So Flipping Awesome.

I itch to get into the Garden – to tend and dig and coax and listen as everything wakes up and the last of the snow melts.  Tomorrow is tree sale day, so we meet in the 6am ritual line to buy maple, birch, oak and cedar then bring them home to the soil and sun that will sustain them long after we have left our bodies for the next chapter of life.

I think the 10' transplanted oak is going to make it.
I think the 10′ transplanted oak is going to make it…

More Awesomeness.

Happy friday, all.  I’m going to go get muddy.

green gathers under

The morning is still still and grey weighed down by two feet of spring snow.  Even the sky is heavy.  The birds do their best to lighten things up but we have no warm welcome for them this year after the long flight north.  Just heavy grey, heavy snow, covered in old rabbit tracks.

It is the other end of winter.  Still fine and clean here in the country, but since the weather has stayed cold we are in a kind of stasis, shifting restlessly under the great white blanket that gets heavier and heavier even as it thickens each night with new snowfall.   Like a dancer who has been told to sit still, a singer told to be silent, and just wait……

MarchSnowfall

But Winter is not for waiting…  Winter is for telling stories to each other, to ourselves, is it not?   Winter is for listening.

I am glad of it this March of 2013, as we approach Easter next weekend.  I have gone deep this winter, deep deep into the ideas of legacy and inheritance, gifts and projections.  Into the effects of choice.  My work with these paintings and the music I’m writing has naturally taken me there, (amazing to me, what hand tools have inspired)  but other encounters and events in these months have resonated – some most alarmingly.

I’m almost, but not…  quite…  finished….  this process…. like a whale returning from the bottom of the ocean I need this extra time to find the surface again…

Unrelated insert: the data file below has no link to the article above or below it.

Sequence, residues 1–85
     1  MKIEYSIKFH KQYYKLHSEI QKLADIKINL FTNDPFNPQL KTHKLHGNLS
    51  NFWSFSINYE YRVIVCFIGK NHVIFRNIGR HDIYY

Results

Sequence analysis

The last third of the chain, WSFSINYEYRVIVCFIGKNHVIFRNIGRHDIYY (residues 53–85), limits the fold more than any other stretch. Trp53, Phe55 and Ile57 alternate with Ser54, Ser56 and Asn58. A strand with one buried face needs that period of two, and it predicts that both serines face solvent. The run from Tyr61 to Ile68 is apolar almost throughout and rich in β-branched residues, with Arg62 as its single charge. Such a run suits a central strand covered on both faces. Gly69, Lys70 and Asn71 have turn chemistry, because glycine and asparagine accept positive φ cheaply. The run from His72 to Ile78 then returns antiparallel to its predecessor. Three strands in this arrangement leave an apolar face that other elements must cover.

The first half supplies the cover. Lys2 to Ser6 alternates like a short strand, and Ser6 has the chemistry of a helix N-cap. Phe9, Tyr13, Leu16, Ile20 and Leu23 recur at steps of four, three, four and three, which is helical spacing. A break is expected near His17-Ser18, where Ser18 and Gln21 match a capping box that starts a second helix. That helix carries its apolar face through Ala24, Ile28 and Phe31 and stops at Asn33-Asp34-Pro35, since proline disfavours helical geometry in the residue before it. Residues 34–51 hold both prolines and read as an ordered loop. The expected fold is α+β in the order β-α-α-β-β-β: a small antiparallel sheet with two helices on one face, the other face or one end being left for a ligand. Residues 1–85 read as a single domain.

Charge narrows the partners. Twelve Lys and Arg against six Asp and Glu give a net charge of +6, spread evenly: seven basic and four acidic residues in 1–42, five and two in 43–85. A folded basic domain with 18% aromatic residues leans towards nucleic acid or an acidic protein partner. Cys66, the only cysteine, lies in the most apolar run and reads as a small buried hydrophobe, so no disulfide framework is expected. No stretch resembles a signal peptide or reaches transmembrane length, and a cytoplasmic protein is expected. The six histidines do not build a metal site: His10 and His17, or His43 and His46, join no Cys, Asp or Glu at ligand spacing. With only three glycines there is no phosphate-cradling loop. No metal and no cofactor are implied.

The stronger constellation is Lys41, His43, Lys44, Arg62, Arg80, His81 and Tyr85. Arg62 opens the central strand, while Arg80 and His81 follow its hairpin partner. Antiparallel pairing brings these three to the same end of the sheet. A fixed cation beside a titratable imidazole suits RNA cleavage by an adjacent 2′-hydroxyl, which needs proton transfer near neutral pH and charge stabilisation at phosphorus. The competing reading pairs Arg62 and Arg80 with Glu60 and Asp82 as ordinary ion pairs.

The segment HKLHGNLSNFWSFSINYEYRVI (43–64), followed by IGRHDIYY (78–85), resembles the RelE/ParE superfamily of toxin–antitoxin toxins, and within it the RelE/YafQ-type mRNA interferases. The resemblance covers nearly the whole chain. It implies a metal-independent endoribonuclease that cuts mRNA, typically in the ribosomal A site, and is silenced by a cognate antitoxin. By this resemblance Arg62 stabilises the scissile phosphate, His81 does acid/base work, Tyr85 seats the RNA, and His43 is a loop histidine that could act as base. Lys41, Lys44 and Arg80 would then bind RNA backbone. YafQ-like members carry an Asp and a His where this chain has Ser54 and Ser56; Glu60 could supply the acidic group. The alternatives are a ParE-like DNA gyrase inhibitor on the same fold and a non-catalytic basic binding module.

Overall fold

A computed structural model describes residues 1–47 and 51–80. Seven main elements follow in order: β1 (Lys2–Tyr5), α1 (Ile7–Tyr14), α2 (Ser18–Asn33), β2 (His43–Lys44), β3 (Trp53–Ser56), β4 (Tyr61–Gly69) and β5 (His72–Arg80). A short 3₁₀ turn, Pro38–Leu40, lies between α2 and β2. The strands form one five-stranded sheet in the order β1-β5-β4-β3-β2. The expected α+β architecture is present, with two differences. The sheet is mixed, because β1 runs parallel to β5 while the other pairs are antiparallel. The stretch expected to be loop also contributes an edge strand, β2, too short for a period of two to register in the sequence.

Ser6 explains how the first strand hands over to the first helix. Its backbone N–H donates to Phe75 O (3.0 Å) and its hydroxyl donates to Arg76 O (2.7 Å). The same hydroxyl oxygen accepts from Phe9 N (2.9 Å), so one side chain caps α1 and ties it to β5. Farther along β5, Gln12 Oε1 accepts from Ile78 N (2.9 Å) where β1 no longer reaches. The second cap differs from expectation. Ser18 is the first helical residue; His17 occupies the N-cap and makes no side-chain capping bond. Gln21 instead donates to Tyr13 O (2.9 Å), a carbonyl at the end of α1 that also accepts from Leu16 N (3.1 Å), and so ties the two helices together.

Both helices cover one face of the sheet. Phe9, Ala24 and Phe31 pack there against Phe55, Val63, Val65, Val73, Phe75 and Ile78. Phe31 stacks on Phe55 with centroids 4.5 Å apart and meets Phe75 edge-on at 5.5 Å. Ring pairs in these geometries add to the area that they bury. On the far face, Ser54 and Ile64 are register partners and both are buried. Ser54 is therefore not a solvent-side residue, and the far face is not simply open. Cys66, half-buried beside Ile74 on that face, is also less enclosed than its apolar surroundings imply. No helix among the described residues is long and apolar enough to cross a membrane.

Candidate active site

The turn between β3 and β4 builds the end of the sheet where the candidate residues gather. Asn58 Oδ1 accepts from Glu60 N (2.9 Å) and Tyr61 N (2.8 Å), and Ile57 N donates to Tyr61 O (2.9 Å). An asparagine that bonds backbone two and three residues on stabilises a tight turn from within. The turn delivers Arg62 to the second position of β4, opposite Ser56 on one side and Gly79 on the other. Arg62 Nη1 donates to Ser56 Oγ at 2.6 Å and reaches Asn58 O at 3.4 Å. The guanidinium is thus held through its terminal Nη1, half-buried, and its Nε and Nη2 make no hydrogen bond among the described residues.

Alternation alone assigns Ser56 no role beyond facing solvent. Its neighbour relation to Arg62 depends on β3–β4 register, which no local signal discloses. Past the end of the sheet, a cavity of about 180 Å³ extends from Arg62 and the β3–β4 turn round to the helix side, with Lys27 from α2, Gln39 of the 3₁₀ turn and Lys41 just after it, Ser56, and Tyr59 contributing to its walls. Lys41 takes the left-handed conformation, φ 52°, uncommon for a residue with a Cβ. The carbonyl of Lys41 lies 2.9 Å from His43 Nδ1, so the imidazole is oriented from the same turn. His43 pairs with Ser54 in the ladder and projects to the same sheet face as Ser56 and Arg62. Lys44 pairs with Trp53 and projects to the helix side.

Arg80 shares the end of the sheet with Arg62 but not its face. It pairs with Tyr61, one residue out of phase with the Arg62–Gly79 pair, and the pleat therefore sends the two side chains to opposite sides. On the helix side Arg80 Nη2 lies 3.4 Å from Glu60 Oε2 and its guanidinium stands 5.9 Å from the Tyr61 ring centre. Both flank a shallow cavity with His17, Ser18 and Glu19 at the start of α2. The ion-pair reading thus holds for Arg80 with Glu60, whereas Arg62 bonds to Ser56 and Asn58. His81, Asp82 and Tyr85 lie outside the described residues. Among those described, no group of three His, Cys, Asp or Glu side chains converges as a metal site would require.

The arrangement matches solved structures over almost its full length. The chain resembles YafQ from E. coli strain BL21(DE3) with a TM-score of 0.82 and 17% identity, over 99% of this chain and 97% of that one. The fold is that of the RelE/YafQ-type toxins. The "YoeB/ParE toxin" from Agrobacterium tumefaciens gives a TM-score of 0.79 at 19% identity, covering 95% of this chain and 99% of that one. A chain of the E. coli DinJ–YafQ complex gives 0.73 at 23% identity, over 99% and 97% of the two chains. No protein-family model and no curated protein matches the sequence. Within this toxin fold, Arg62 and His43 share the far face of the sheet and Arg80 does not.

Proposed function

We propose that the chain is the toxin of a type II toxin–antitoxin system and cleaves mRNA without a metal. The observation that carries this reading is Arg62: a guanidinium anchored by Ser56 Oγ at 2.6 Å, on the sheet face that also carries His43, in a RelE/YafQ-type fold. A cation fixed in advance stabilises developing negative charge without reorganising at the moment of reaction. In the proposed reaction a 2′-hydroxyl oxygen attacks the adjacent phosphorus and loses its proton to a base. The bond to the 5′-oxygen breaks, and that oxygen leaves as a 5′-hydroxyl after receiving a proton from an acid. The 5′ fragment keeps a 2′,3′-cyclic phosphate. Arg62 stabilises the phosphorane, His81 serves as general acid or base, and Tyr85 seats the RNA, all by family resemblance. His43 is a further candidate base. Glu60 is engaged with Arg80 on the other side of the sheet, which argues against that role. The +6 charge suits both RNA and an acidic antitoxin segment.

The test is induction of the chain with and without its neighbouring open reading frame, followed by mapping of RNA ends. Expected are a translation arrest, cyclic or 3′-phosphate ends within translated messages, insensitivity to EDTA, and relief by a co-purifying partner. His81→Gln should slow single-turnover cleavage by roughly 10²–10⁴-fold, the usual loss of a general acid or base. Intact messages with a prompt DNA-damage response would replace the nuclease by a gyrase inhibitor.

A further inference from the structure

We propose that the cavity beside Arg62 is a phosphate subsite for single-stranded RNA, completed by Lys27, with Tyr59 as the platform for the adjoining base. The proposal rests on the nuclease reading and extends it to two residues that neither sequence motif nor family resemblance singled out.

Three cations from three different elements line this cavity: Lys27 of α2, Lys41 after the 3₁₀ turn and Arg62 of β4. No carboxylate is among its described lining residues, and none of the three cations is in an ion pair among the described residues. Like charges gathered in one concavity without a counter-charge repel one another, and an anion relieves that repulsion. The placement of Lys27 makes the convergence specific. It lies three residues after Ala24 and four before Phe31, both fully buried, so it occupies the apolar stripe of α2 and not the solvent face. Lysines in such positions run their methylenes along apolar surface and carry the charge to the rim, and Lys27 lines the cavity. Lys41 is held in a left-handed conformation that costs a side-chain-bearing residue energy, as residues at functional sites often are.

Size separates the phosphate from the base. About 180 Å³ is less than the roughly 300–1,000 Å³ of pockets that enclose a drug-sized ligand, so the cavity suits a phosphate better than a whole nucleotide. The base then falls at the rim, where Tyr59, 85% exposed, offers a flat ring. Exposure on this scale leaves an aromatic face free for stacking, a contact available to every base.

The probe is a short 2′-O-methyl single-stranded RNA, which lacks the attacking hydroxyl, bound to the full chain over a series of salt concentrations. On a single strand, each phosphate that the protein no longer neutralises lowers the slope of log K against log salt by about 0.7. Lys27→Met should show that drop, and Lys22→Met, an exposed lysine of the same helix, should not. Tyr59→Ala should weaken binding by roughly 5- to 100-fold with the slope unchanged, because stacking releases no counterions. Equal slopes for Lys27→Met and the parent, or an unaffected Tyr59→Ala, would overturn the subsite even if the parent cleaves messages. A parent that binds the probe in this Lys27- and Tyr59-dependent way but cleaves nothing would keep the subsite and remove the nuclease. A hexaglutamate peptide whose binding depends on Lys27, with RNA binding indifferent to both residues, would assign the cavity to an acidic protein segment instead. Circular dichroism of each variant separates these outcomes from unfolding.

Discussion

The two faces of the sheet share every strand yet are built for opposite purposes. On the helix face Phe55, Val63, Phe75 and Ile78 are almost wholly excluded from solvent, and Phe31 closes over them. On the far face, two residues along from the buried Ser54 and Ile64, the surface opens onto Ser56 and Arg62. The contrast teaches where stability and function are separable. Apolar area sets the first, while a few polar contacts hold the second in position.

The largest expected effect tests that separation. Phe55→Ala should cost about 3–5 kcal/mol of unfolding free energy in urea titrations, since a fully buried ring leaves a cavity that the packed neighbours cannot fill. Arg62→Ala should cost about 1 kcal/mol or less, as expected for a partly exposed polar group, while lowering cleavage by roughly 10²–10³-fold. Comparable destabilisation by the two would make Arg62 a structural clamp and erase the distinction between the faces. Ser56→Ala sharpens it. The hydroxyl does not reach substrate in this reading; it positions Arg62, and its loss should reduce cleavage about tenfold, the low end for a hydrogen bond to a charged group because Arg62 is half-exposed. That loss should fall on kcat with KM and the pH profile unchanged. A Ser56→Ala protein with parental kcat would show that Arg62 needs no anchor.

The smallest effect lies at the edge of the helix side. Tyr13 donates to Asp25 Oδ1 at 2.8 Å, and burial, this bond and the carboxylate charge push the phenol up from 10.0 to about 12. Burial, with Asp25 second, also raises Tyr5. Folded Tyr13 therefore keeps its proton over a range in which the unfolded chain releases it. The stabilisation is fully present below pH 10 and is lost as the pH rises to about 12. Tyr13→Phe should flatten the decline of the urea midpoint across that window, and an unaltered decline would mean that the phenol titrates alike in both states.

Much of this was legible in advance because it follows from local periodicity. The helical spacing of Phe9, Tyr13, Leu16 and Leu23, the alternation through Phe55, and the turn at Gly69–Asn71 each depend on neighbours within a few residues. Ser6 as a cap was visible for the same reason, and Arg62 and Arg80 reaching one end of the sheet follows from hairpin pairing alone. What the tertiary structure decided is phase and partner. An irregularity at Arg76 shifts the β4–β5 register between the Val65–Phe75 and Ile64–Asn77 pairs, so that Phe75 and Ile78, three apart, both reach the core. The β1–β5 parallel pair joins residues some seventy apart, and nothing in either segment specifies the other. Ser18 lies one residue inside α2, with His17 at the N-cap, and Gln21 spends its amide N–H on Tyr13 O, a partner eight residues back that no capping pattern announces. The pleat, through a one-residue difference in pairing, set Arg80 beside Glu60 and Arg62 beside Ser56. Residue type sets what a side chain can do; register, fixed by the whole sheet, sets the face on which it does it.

When I do emerge, it will feel very very good to speak to real people instead of paintings and recording devices, computer screens and cello strings.  It will feel so deeply rewarding to take my own garden shovel and just dig with it, rather than painting the idea, then the deeper idea, then another layered idea… of shovel.  (I’ll post the painting here so that you can see – a ridiculous layering of images, just to try to present these ideas about legacy and choice – ack, me.)

I can feel my feet tingling in anticipation of the soft cold mud that will receive them in my first barefoot walk outside.

Until then I work to finish.  This is also a fine, fine thing.

Tonight, the Georgian Bay Symphony and the Georgian Bay Concert Choir (some 180+ incredibles!!) will play a program composed entirely by Schubert.  Along with many many dear friends, my Mom is in the choir.  I will be in the cello section.  Mom & I haven’t played together in a big concert like this since Carnival of the Animals when I was 16.  What a joy.

HA!  As I wrote that last paragraph, the spring sun emerged through the grey.  Suddenly, it’s quite a different world out there – full of life and warmth, though appropriately (for me), still covered with a thick coat of white.